I’d wanted a layover day to slow the trip down. It had taken years to get here, why have it go by quickly. Even after a night of rain, a morning of rain, and no prospect of clearing I figured I’d have a layover day at Grey Brook. It was a nice site, and Long Lake had a peaceful feeling about it I liked. I might even rig the fishing rod and cast about a bit. I stood on the shore in the rain with coffee, and the two couples come up along the lake shore. The sight of the canoes moving through the water roused me out of my layover torpor, and before they even pass by I’m breaking camp, eager to be on the water again. I didn’t really want to sit here alone in the rain all day anyway.
Folks do line their canoes down Long Lake Dam, but the water is high. Someone more familiar with the dam might run it – there’ s probably plenty of water covering the feared spikes – but I’ve no local knowledge, and even if I did, things can change. I join the two couples and the Boy Scouts in portaging around the dam.
The couples and I ended up traveling together. Nothing intentional, it’s just the way it worked out. They’d be ahead for a while, then I’d be in front. There was a certain sociability to the arrangement – a reality check in a way. Yeah, we really are out here in the rain. Did you see that moose? Which one?
I spent too much time thinking the sky might clear, when actually the rain was pleasant for the most part. The focus of the trip did however, turn into an exercise in water management. Every day more of my clothes and gear got wet. I’d string up the tarp first, then set up the tent under the tarp to keep the rain out of the tent. then in the morning take the tent down under the tarp. It worked for the most part. I managed to keep my sleeping bag, and the inside of the tent damp, not wet.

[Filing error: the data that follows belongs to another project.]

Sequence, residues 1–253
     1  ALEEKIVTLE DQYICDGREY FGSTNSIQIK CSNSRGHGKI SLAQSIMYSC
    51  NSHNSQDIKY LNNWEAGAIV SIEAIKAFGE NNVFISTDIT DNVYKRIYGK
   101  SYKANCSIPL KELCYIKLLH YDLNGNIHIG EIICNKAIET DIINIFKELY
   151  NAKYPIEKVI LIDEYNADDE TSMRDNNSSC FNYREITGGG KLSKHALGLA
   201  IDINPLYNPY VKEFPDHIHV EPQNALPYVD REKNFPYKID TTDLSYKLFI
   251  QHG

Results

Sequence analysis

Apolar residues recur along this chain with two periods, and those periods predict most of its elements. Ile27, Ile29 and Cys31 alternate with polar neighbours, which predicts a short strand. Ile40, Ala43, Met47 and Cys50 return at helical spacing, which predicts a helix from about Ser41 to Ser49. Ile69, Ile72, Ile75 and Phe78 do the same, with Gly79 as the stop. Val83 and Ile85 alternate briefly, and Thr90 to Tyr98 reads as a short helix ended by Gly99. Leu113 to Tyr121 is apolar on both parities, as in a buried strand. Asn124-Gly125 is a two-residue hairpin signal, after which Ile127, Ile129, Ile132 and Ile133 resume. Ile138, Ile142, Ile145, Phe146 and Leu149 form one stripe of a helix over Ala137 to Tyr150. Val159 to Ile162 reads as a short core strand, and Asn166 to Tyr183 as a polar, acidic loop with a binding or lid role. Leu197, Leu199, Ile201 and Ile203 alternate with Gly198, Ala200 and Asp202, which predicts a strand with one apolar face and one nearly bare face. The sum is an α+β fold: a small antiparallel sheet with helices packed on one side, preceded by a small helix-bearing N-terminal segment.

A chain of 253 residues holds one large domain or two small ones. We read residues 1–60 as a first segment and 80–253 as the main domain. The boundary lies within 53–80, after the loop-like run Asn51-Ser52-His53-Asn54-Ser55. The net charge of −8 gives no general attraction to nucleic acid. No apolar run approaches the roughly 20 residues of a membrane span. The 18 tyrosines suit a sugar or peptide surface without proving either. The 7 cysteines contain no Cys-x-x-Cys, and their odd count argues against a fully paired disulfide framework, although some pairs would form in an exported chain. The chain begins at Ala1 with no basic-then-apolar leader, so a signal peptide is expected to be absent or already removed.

At one point I came up to a moose standing on the left side of the river. I moved way over to the right to give him as wide a berth as possible, trying not to disturb him. He watched me for a minute, then walked into the river and started swimming across to the other side right in front of me. I switched tactics, now paddling back to the left bank to try and give him as wide a berth as possible.
When he got to shore he gave me a funny look, then walked into the woods. I love the way a moose can be right there, and then is just gone. You know he’s still there somewhere, probably watching you, but you sure as heck can’t see him.
At the end of the day I pull into Outlet Campsite at Round Pond. It’s low, grassy, and thick with mosquitoes. I set up the tent, then reluctantly stretch the tarp over the pole and tie it off. I say reluctantly because the tarp is so unwieldy. It’s 16′ by 24′, and is the perfect size to cover the table and edge of the fire pit. If there’s any breeze you end up chasing the thing around, tinkering with adjustments to get it squared up just so, and then there’s a dozen ropes to pull taut and find a place to tie to. It’s a chore doing it alone, but it’s always worth it, especially if it rains, and it always does. The couples pass by in the rain now but don’t say a word. I suspect they’re feeling the same as me, too wet to talk about it.
It’s nearing the end of June. Even with the thick clouds daylight lasts a long time. The next morning, hours before dawn, I hear canoes in the dark. Dragging, bumping, then paddles on thwarts. At the time I thought someone was up early fishing, but later I discovered it had been the Boy Scouts, who had camped on the opposite side of the pond, six canoes moving out on the river in the dark.